EFF ordered to pay Trevor Manuel R500‚000 for defamation

Former finance minister Trevor Manuel.
Former finance minister Trevor Manuel.
Image: Waldo Swiegers

The EFF has been ordered to apologise to former Finance minister Trevor Manuel for defamation and peddling false information against him.

This is in connection with a March, 27 statement released by the EFF in which the political party accused Manuel of nepotism, corruption and conducting secret interviews in the selection process of the commissioner of the South African Revenue Services (Sars) which saw Edward Kieswetter being appointed as the revenue services boss.

The EFF claimed that Manuel had a close personal and business relationship with Kieswetter.

Justice Elias Matojane ruled that the EFF’s remarks were defamatory, false and ordered the party to not only remove the statement, published on Twitter, but to also offer an unconditional apology within 24 hours.

The EFF, its spokesperson Mbuyiseni Ndlozi and its president Julius Malema have also been ordered to jointly pay Manuel R500,000 in damages. They must also pay his legal fees on an “attorney and client scale”.

Manuel plans to donate the R500 000 to a charitable organisation.

The court found that the fact that Manuel and Kieswetter had an employment association “many years ago” does not prove bias on the part of Manuel and that his disclosure of this as well as recusal shows he avoided conflict of interest.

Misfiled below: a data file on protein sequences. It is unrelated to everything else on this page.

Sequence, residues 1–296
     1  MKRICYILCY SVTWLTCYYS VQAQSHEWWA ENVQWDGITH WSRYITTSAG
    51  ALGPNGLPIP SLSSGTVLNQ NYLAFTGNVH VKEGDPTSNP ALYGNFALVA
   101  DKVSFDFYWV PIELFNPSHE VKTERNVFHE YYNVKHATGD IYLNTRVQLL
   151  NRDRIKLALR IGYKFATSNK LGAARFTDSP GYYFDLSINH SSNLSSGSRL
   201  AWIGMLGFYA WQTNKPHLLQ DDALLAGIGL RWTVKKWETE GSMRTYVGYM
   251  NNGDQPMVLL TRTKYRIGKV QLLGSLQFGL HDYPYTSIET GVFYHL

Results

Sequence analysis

The court also found that the EFF’s assertion that the selection process was secretive was not true.

“The process was open and transparent, even if the interviews themselves were not public,” read the judgment.

The court said it believed that the EFF, its spokesperson Mbuyiseni Ndlozi and its president Julius Malema, had a clear intention of hurting Manuel’s public image after refusing to retract their statement and therefore believes the amount requested should be paid.

“The motive and conduct of the respondents are relevant. They stubbornly refuse to retract, apologise or remove the impugned statement from their social media platforms, when it is evident that they should do so.

“These factors collectively establish the existence of actual malice and a desire to hurt Mr Manuel in his person and professionally, through the widespread dissemination of the defamatory statement. Such conduct warrants a punitive costs order,” the judgment read.

EFF has indicated its plans to appeal the judgment "related to our correct observation, which Manuel does not dispute, that he was conflicted in interviewing Edward Kieswetter because they are friends".

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